You know you are doing something right when lobbyists and interest groups are attacking you and when their main line of attack is that you are allegedly a paid shill for some corporate interest. Case in point: Lobbyists for Boeing, GE, and other big interest groups united under the American Made Coalition banner sent out yet another e-mail protesting my position on the border-adjustment tax.
This time around (there were others), the article that offended them is one I wrote with the Cato Institute’s Dan Mitchell in the Wall Street Journal. It’s worth noting that Dan Mitchell and I have a long track record of 1) fighting against destination-based taxes, which the border-adjustment tax is an example of, 2) fighting for tax competition, which would be undermined with a BAT, and 3) a very long track record of fighting for free-markets and against policies that would expand the government (whether they are being pushed by Democrats or Republicans). The coalition, on the other hand, is made up of actual lobbyists paid by special interests who think they will benefit from the measure, which makes their allegations of us being hired guns pretty laughable.
In our article, we debunk the claim that other countries’ VATs are creating an unlevel playing field and are unfair to U.S. companies. As I have written many times in the Corner, I am sure it makes for a great sound bite but it is simply not true. Other countries’ tax systems are not the problem. The United States is the cause of our problems because of our super-higher corporate tax rate and worldwide tax system. Yet, the lobbyists from this American Made coalition and others are eagerly pushing this line to make the case that we need to impose a 20 percent tax on imports and exempt all exports.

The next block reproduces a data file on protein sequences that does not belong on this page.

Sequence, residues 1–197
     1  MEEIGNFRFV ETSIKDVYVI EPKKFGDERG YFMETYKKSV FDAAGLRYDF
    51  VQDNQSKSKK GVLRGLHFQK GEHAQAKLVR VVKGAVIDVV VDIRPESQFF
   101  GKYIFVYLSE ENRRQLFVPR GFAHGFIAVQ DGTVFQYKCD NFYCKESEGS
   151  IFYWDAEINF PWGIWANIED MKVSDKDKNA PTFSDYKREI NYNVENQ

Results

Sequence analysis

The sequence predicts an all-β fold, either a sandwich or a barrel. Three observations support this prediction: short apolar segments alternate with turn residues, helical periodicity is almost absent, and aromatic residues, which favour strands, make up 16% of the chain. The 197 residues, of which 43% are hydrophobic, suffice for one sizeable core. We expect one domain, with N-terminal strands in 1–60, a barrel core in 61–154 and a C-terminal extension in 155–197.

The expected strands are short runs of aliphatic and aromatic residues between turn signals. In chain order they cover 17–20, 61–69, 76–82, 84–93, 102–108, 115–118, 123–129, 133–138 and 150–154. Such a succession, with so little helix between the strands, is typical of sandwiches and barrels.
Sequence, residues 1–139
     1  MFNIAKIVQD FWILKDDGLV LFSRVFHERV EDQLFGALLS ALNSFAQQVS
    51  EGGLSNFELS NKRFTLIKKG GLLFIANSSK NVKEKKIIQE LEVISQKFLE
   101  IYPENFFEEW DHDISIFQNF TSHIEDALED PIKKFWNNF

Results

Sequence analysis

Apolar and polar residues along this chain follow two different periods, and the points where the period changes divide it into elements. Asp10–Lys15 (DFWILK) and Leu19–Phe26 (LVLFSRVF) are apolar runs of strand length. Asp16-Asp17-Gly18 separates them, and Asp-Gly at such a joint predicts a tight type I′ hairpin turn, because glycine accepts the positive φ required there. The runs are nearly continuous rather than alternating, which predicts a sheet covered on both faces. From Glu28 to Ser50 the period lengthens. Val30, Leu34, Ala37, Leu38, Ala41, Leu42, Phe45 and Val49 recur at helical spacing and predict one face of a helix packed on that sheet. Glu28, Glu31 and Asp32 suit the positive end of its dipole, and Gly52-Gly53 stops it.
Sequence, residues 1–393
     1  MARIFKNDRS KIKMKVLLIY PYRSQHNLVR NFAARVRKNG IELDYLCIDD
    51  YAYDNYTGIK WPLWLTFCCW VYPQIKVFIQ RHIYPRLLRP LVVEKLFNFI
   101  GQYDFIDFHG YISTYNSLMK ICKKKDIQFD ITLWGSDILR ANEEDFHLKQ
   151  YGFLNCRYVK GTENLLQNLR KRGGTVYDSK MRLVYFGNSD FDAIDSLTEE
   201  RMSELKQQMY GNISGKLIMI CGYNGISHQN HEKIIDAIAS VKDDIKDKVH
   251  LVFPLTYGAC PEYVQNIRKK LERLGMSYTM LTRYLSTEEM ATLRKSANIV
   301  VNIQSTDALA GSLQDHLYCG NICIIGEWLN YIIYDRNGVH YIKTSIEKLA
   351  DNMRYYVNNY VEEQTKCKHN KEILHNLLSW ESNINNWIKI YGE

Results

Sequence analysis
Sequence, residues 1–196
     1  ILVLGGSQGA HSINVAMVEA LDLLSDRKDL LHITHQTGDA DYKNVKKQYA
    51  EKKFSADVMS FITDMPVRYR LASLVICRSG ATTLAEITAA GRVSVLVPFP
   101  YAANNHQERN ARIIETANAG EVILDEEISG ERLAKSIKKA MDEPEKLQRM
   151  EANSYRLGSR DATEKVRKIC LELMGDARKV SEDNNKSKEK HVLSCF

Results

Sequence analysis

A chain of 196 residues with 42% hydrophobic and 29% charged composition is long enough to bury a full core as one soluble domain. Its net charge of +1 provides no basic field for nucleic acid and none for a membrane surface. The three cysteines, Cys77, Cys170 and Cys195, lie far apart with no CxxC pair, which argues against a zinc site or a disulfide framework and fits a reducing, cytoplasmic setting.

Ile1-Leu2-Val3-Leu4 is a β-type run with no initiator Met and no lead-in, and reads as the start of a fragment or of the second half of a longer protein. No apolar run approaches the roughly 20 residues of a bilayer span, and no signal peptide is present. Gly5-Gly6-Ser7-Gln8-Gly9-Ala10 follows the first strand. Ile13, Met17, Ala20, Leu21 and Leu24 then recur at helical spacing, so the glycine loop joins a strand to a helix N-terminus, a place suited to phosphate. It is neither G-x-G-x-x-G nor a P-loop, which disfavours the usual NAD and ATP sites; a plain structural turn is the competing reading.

Interestingly, in their e-mail they make zero mention of this, even though it was the main point of our article. So of course, being the optimist that I am, I am hoping that it means they have given up on using this misleading argument!
Instead, they complain about a paragraph in our article that argues that currencies are unlikely to fully and rapidly adjust. They write:
And while de Rugy and co-author Daniel Mitchell have to reach all the way back to 2005 to find a study that supports their position, more recent work done by the Department of Treasury and others makes clear that when other countries have incorporated border adjustments into their tax codes, the currency markets worked to protect consumers:
The Office of Tax Analysis asserts in a January 2017 report that border adjustment does not have trade effects because after-tax prices on domestic goods have risen relative to foreign prices as anticipated.
An April 2017 report from the Peterson Institute for International Economics drew a similar conclusion, asserting countries implementing border-adjusted consumption taxes experienced a rise in real exchange rates.
Leaving aside the fact that there is much more than one article raising questions about the likelihood of a full and rapid currency adjustment, it’s pretty interesting that they should mention the two articles above to make their case to the contrary. For instance, the Peterson Institute article looks at examples of adjustments after the implementation of a VAT and finds that currency will ultimately adjust but that it may take up to three years, which I wouldn’t call an “immediate adjustment.” I would add that such an amount of transition time could be lethal for some companies.